Actually Renee Fleming is quite good even though she tends to slur some of the coloratura... and I think that is a function of her trying to fuse jazz style improvisation with the Bel Canto tradition of embellishment. Also, I wish the voice had more heft and power as it seems just a half size too small for the part. Perhaps I should have better tried to erase memories of Maria Callas who preformed the piece at the 1952 Maggio Musicale Fiorentino, but even Joyce DiDonato in extensive excerpts on her recent Rossini CD proves to be stiff competition as well. Still, Fleming does herself proud, and in a role that is one of the most difficult that Rossini ever penned...
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31 of 33 people found the following review helpful By flemingfan on January 15, 2011
Format: DVD
I may be a bit bias in reviewing this new DVD of the Metropolitan Opera's new production of Rossini's charming "ARMIDA" as I have always been a huge fan of soprano Renee Fleming. Her charisma as a person and an artist are extremely attractive to me and her desire to push herself beyond what is expected of her as an artist is a quality to be admired. That being said when I saw her sing this role live it gave me chills listening to her. She beautifully fit into the role of the sorceress tempting Rinaldo away from his duties both physically and vocally. Although Rossini is not a specialty of her's, her unique timbre and the color of her voice provided some of the longer legato lines with a quality that both enchants and brings goosebumps. Her runs and faster sections were not always perfection and she seemed to struggle somewhat with Rossini's challenging ornamentation however there is no denying that the effort was a valiant one and not completely unsuccessful. If she was going to attempt any Rossini opera this one was a perfect fit and she sang with a confidence in herself that made any vocal flaws vanish. Lawrence Brownlee, a magnificent Rossini tenor, was wonderful and nearly stole the show from Fleming. His singing was almost flawless and he moved with ease through the complicated workings of the music, singing with passion and care.

Mary Zimmerman has often been criticized for her productions at the Met and I will not deny her mismanaged "La Sonnambula" was a mistake from the very conception. It was a boring, dull, and frankly confusing production that need never be revived at the Met again. Let's hope Peter Gelb locks it away and doesn't speak of it again. However her production of "Lucia di Lammermoor" I found inspired.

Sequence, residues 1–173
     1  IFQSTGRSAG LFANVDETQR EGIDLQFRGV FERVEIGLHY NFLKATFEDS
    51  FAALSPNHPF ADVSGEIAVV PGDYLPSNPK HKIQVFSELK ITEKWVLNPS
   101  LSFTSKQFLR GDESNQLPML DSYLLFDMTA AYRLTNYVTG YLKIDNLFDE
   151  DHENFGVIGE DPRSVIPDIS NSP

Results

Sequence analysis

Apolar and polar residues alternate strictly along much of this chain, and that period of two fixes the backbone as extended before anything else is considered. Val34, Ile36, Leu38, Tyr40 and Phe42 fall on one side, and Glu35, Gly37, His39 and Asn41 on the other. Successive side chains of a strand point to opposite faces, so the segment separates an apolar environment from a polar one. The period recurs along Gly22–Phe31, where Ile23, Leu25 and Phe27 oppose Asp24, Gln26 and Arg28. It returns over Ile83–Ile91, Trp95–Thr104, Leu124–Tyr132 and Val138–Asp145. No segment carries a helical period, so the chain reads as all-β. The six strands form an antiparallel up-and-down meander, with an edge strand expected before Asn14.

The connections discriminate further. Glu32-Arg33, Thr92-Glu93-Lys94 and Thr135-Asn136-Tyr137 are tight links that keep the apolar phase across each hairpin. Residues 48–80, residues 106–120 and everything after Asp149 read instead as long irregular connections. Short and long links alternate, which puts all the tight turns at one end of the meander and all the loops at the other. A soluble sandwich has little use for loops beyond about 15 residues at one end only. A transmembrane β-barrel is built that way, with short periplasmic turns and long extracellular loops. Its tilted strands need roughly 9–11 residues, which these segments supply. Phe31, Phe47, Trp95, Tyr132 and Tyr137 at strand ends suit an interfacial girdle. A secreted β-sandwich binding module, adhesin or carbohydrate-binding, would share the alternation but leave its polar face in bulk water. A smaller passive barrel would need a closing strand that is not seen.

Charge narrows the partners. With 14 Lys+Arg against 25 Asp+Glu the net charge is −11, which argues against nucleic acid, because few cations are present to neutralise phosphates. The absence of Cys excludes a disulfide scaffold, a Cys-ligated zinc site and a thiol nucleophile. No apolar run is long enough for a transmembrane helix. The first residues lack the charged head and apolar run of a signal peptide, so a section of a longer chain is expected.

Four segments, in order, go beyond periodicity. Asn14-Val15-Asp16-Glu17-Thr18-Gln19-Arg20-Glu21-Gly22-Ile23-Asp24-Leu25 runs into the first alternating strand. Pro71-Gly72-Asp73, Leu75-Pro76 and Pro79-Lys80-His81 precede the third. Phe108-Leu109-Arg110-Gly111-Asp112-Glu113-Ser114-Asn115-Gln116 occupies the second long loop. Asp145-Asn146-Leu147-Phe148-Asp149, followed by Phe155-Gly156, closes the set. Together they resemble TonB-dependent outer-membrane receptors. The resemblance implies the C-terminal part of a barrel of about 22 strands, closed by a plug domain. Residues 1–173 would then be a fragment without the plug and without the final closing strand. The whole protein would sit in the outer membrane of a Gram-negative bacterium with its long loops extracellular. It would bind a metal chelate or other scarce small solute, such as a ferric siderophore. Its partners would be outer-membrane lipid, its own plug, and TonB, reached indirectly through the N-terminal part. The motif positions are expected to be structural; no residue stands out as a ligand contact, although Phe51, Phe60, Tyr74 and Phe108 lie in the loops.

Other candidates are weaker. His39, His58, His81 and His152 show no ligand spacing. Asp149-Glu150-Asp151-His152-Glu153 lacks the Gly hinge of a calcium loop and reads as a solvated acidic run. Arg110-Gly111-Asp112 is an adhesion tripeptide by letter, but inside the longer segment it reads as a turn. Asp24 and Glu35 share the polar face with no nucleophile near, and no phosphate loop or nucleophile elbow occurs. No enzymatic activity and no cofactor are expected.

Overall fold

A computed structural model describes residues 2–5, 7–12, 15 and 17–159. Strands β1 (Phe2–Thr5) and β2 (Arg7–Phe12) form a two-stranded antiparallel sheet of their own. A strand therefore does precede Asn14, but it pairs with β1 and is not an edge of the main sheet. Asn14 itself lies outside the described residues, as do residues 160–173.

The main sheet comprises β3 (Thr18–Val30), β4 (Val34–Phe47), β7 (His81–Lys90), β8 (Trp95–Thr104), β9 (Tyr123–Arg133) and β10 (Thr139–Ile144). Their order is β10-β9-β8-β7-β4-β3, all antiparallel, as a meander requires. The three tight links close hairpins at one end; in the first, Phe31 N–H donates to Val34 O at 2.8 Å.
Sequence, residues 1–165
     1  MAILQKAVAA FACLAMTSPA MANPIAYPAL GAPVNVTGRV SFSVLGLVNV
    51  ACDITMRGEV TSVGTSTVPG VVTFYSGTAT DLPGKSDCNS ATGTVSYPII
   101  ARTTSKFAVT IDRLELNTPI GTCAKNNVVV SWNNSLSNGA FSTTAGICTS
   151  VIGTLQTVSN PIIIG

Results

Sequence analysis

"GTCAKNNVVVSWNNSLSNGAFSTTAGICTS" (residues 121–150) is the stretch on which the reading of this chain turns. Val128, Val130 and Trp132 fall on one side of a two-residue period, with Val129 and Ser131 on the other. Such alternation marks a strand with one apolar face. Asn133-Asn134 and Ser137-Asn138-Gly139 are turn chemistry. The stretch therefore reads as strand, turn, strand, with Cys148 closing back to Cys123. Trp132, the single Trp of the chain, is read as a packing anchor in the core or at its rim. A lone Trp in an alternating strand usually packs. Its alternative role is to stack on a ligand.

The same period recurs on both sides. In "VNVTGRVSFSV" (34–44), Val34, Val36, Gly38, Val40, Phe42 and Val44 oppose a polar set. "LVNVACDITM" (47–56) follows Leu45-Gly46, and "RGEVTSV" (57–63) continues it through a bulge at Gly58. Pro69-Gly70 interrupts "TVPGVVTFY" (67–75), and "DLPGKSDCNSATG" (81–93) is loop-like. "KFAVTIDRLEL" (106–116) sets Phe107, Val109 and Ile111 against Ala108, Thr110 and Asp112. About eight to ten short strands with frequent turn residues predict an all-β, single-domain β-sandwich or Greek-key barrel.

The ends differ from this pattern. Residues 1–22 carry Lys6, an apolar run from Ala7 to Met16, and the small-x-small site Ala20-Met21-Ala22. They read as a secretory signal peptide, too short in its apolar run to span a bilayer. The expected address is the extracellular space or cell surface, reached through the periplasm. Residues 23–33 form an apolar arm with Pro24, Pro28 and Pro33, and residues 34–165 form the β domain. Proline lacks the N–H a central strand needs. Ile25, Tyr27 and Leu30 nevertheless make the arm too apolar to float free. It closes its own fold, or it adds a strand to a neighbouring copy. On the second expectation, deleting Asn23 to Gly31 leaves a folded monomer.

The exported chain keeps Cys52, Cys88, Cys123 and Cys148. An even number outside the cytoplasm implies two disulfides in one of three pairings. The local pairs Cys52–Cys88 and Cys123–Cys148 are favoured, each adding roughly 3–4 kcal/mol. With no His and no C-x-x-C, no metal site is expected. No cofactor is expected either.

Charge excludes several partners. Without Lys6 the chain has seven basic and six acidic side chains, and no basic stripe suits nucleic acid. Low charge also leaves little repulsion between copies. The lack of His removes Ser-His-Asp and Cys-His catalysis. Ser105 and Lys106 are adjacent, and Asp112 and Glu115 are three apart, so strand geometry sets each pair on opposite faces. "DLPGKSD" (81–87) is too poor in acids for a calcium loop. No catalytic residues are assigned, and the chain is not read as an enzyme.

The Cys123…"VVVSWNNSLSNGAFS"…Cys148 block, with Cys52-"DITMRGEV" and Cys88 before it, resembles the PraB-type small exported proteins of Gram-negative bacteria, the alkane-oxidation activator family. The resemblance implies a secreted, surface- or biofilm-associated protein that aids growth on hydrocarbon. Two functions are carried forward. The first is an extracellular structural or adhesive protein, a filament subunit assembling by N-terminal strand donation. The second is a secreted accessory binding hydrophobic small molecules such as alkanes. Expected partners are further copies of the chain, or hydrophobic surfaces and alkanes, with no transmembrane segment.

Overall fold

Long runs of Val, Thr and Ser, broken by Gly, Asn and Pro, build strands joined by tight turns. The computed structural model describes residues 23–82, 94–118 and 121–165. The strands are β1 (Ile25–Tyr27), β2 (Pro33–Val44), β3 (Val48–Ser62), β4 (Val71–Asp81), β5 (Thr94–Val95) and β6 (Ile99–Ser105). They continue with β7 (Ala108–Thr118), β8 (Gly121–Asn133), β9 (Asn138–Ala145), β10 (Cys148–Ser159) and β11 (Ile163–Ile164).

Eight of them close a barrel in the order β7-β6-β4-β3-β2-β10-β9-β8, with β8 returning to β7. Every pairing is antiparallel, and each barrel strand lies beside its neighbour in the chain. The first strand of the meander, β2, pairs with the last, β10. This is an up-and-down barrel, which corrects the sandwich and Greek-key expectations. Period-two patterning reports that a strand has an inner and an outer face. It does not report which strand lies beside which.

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34 of 39 people found the following review helpful By L. Mitnick on January 12, 2011
Format: DVD
With all due respect to the previous reviewer, I do not find this Mary Zimmerman production as bad as he found it. While nothing in this production would make me think of the Crusades, at least it was colorful and looked glitzy. It makes little difference anyway because it is highly unlikely that we will ever see this opera staged again (notwithstanding the repeat performances taking place at the Met next month). "Armida" is not one of Rossini's stronger operas. I'll go even further and say that it's not an important opera at all. The plot is too insane and inane to waste words on, and the piece is quite lengthy. So what does it have to offer?

If one is captivated by virtuoso bel singing, and if one is tenor-crazy, then this is definitely a piece of exotica that you should investigate. All the tenors are excellent, most notably Lawrence Brownlee and John Osborn. There are tenor arias, duets, and all are embellished with florid cadenzas and rousing conclusions. In fact, I had a problem distinguishing which tenor was singing which character. But this matters very little because the effect is that of an elaborate vocal concert in costume. I found the ballet mildly interesting, though somewhat longer than I expected. One wonders if Rossini inserted it to give the singers a rest.

Renee Fleming is to be commended and lauded for taking on this fiendishly difficult florid role. Maria Callas caused a sensation with this opera in Florence in 1952, and along with her revelatory performances of Norma, Gioconda, Lady Macbeth and Lucia di Lammermoor, firmly established herself as the reigning prima donna of the world. Well, Renee Fleming is no Maria Callas, but then again, who is?